We know the story, because if we honestly admit it, it is our own. God instructs us, and we find a reason not to listen. If God is the love of our life, then obedience is not an option, and it does not just happen. It is born of deep commitment to Him. It certainly calls for personal sacrifice. When it is born of sacrifice, obedience speaks willingness to submit to God’s desires instead of our own. Often obedience contradicts the desires of the heart.
There are many excuses that are used for not following the Lord’s instruction.
“It is too hard for me to do that! I can’t give it up, Lord!”
“Lord, I don’t have time to study the Word and pray.”
“Lord, what would others think of me?”
“What if I fail you, Lord?”
“I can’t see how my doing this will help, Lord.”
“I don’t feel the need to do that, Lord.”
The excuses mount until God’s voice echoes like distant thunder. With our backs firmly turned, and our hearts grown cold, we declare, “I refuse to do that, Lord.” God’s calling is irrevocable (Romans 11:29). We are accountable for it. Refusing God is a dangerous game to play. If we don’t respond to His nudging through Scripture or through circumstance or through the voice of another we leave ourselves open to His scourging. The Holy Spirit will get our attention.
The Bible is filled with examples of those who refused to listen to God’s instruction. Some responded quickly, and others just refused. Yet others after responding were not completely obedient. King David, when confronted by Nathan for his sin with Bathsheba, repented. “Do not cast me from your presence,” he cried out to God, “or take your Holy Spirit from me” (Psalm 51:11). He understood the danger of being separated from God was the loss of God’s presence. His cry for forgiveness speaks of his loving respect for God and his commitment to God’s desires (Psalm 51).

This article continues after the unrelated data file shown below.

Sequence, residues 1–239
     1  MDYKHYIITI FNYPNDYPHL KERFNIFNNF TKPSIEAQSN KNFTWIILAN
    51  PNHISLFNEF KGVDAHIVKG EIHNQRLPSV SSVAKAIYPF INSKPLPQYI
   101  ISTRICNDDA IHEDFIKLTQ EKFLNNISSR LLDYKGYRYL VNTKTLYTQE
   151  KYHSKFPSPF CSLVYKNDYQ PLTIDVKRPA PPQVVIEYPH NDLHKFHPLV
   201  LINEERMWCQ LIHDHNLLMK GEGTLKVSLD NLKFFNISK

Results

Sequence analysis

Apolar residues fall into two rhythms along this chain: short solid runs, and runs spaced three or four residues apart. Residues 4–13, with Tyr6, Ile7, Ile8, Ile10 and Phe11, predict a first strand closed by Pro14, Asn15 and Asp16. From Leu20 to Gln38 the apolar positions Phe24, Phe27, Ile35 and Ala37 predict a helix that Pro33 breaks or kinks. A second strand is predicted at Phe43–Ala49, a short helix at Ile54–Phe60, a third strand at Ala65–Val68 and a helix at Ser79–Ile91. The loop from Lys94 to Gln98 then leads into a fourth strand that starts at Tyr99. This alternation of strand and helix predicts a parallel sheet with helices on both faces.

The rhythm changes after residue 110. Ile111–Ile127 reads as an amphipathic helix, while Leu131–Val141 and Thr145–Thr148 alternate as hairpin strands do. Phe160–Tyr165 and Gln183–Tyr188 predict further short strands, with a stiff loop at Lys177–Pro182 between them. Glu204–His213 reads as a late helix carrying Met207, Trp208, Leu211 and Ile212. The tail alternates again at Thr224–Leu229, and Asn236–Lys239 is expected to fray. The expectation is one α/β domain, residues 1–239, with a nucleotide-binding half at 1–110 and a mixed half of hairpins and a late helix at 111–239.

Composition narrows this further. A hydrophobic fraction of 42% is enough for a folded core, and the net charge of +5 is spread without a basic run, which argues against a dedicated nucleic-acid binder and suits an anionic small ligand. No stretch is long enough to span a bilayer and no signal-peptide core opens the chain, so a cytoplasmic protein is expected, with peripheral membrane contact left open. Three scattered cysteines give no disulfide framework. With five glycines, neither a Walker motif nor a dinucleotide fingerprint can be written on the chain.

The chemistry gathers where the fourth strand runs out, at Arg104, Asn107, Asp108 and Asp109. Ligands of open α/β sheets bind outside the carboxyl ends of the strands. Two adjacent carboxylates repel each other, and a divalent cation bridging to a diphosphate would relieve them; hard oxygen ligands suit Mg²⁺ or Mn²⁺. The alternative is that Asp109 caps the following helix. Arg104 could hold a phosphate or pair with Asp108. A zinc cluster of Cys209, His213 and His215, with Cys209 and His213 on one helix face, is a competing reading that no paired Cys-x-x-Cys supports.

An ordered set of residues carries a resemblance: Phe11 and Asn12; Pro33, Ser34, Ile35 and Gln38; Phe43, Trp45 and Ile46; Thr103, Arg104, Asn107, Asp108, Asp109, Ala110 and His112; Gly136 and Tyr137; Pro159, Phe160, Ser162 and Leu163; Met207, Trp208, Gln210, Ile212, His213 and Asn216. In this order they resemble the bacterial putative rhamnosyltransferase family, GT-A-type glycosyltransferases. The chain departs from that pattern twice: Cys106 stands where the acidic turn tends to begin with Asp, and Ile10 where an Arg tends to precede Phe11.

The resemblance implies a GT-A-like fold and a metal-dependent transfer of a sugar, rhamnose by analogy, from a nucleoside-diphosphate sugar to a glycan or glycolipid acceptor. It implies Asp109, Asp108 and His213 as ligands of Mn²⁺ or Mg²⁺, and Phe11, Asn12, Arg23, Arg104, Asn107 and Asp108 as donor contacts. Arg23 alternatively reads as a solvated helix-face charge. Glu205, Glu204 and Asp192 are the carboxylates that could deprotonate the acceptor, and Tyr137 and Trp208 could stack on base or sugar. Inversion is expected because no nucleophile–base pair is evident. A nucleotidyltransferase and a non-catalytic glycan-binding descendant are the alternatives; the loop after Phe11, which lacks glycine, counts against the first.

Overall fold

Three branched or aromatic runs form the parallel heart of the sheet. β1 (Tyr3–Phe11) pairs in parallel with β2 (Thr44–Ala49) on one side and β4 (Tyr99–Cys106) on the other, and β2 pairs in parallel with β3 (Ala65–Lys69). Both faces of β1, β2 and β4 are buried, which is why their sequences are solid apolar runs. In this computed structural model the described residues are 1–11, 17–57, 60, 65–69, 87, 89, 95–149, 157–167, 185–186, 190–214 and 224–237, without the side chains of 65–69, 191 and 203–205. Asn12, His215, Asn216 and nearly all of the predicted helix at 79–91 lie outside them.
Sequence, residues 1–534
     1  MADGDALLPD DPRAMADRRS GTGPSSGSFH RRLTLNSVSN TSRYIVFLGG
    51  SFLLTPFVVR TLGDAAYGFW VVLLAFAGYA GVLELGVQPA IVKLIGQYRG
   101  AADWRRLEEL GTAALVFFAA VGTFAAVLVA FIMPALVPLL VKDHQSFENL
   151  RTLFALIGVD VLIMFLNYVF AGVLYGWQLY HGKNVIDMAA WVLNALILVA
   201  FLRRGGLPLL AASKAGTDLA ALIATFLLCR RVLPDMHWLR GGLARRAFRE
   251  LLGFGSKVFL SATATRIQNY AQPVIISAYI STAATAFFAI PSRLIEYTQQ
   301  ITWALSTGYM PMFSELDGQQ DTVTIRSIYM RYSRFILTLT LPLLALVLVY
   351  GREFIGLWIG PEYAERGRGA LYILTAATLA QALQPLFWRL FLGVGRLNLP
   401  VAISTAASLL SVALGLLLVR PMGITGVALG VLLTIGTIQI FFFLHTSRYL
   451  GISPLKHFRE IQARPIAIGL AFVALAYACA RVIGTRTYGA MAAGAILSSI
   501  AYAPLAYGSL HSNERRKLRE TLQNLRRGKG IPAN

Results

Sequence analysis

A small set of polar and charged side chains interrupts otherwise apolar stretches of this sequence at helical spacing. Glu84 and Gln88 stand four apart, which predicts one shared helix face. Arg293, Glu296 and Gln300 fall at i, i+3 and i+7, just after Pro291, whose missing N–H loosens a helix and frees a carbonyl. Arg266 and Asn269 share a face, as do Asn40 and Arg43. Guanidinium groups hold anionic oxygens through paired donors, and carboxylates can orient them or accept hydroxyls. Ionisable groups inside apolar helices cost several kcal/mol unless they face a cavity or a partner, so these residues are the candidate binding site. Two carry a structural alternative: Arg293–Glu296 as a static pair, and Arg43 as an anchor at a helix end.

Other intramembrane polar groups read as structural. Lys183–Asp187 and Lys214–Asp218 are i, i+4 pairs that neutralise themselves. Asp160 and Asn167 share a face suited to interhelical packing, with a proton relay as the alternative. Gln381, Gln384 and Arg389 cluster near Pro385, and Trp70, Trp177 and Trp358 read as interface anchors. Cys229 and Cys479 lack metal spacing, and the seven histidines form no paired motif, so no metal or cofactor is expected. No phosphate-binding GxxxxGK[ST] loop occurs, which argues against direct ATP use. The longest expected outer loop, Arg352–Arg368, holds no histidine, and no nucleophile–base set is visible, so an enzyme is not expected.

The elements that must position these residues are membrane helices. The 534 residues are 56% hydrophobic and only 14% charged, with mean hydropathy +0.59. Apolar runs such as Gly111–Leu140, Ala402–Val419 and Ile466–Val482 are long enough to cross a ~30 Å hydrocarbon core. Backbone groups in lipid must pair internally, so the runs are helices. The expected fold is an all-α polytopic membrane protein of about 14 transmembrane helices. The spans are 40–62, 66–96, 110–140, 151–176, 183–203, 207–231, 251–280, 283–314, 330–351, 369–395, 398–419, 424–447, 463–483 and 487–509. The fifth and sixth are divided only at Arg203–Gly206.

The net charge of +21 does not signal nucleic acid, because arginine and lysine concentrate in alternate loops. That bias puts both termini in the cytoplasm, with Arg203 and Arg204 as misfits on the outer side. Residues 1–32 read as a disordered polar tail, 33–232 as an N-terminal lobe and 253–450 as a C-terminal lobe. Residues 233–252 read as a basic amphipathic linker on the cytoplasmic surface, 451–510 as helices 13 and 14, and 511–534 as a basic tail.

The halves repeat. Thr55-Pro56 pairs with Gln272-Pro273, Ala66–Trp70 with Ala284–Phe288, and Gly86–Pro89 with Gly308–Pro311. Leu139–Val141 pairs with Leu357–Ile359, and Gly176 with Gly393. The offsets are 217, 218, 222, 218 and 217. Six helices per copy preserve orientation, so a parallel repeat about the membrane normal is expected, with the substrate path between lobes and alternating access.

Solomon refused to listen to the Lord, and allowed his weakness for the things of the world to destroy his relationship with Him. Near the end of his life, Solomon looked back on wasted years and declared in Ecclesiastes, “Meaningless! Meaningless! Utterly meaningless! Everything is meaningless” (Ecclesiastes 1:2)! Solomon’s life is a sad account of how he blew the undeserved opportunities God had given him. Chuck Swindall declares that Solomon’s life was “one lived apart from God”.
Jonah ran from the Lord’s instruction to witness to the depraved city of Nineveh, and he ended up in the belly of a whale. It took a near death experience to bring Jonah to receive a repentant heart. Even following his experience and repentance Jonah argued with the Lord. His obedience was less than perfect.
The Lord cries out for us to have an obedient heart—one that listens to the conviction and direction of the Holy Spirit as David listened—one which, unlike Jonah, follows God’s will without argument. We certainly do not wish our lives referred to as Solomon’s—one lived apart from God—one that blows the opportunities that God extends. Without holiness we will not see the Lord (Hebrews 12:14). We will not experience the joyful fulfillment of His purpose. Holiness rises from a changed heart which continually and unreservedly surrenders to God’s molding. Will we listen and respond with every fiber of our being, or will we refuse? It is our responsibility to obediently allow the Holy Spirit to refine and purify our hearts.